I was browsing through some of Dick Eastman’s material at his blog at www.eogn.com. One recent post he had caught my eye because it is similar to the questions I may receive here myself as genealogy coordinator for the library. Dick takes questions from individuals and thought that the question was good and had great applicability among all genealogy researchers. He decided to publish his response as an open response so everyone could see what his suggestions would be.
That question has been “What online genealogy software should I use to create my data and make it easy for me to share?”.
Rather than paraphrase what Dick created for a response, I am going to provide a direct link to the entry on his blog that addresses his lengthy and informative response to the questions about what genealogical software should someone use.
You can take a look at what Dick Eastman’s thoughts were about the question and look at the long list of suggestions he had based on how you want to create your data and be able to share the data you have created online. Dick’s response to the question was broken down into three ways to approach these online resources to place your data:
- Contribute to someone else’s database
- Own your own online database
- A blended approach – you control a database that belongs to someone else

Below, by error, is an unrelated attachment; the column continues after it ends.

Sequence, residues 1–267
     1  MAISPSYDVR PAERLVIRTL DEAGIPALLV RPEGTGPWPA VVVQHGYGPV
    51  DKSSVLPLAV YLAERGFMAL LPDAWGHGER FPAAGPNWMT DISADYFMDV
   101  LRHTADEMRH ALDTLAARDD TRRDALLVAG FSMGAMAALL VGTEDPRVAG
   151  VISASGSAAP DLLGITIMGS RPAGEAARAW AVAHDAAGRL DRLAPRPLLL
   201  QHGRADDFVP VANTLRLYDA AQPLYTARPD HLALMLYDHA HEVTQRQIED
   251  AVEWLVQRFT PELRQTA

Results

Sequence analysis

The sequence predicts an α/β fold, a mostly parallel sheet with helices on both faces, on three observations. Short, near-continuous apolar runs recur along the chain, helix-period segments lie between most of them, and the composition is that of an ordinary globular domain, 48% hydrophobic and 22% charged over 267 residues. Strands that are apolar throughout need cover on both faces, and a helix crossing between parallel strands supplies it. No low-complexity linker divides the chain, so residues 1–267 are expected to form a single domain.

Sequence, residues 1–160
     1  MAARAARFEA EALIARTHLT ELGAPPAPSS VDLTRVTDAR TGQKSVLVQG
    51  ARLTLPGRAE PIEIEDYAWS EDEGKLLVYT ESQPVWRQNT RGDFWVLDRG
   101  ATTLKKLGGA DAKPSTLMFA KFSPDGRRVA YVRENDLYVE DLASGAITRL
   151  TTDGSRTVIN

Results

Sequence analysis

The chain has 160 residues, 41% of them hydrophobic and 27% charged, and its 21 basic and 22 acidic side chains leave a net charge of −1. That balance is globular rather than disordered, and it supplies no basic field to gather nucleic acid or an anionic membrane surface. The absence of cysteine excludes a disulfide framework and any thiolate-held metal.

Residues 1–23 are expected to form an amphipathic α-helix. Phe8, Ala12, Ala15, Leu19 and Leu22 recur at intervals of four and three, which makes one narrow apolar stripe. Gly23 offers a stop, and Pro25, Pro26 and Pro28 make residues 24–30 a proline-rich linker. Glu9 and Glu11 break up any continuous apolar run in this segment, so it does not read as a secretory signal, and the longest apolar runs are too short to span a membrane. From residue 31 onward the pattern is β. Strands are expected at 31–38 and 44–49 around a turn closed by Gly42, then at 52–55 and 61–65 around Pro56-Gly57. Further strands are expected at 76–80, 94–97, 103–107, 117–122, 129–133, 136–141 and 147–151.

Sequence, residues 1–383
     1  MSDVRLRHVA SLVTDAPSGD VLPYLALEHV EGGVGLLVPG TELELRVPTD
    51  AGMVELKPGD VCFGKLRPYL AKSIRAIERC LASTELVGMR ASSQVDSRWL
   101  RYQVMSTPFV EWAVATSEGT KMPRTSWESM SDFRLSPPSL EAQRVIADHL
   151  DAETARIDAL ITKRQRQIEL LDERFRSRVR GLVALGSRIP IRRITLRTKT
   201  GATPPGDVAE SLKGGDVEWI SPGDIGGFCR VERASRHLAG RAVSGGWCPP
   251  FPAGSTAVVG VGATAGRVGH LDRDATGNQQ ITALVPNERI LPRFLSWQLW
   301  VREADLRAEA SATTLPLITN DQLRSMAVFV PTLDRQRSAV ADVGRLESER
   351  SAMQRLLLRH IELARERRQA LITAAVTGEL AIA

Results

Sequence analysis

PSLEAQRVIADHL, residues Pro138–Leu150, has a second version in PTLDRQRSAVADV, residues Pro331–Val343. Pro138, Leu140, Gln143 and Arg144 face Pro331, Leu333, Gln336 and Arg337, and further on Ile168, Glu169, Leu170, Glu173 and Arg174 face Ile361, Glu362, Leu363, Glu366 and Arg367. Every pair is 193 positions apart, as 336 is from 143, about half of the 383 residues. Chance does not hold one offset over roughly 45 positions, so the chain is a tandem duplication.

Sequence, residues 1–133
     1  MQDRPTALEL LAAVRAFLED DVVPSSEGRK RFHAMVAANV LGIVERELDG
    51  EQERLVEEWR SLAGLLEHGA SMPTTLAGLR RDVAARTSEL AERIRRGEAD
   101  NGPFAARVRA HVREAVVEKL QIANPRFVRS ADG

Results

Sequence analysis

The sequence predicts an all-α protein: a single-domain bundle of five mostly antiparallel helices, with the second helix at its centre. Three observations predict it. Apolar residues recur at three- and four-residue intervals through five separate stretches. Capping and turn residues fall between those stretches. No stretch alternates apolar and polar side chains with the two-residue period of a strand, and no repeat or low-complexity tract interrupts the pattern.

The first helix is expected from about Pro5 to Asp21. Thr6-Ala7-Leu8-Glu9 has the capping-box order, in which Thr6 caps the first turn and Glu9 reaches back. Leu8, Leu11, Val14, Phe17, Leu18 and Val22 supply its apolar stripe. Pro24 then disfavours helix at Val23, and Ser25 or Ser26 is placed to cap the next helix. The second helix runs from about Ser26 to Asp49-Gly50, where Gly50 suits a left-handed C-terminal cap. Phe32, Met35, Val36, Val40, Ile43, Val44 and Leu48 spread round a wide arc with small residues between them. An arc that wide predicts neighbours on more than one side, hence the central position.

Take a look at Dick Eastman’s great insights into this age-old genealogical question! You can see Dick’s suggestions at:
In the day of “cloud computing” we ask ourselves how can we create online databases within which we want to work with others in a collaborative effort in order to add new data over time with new genealogical discoveries. The day of the “lineage program only on your computer” may have limited time left as the trend seems to be to want to put your data online and work with others to add to it.
Dick really took some time to put together a list of resources that exist for researchers to use. He noted the “plus” and “minuses” of each resource.
His blog post is definitely worth taking a long look at if you ever wanted to consider moving to the “computing cloud” with your genealogical material. I did not realize how many resources existed for online lineage databases.
He really provided a very comprehensive list of suggestions for you to consider based on three categories of databases and control that I mentioned early on in this post.
Enjoy his article and I believe you will have a much clearer understanding of what is available in “cloud computing” for you to upload your research.
Schaumburg Township District Library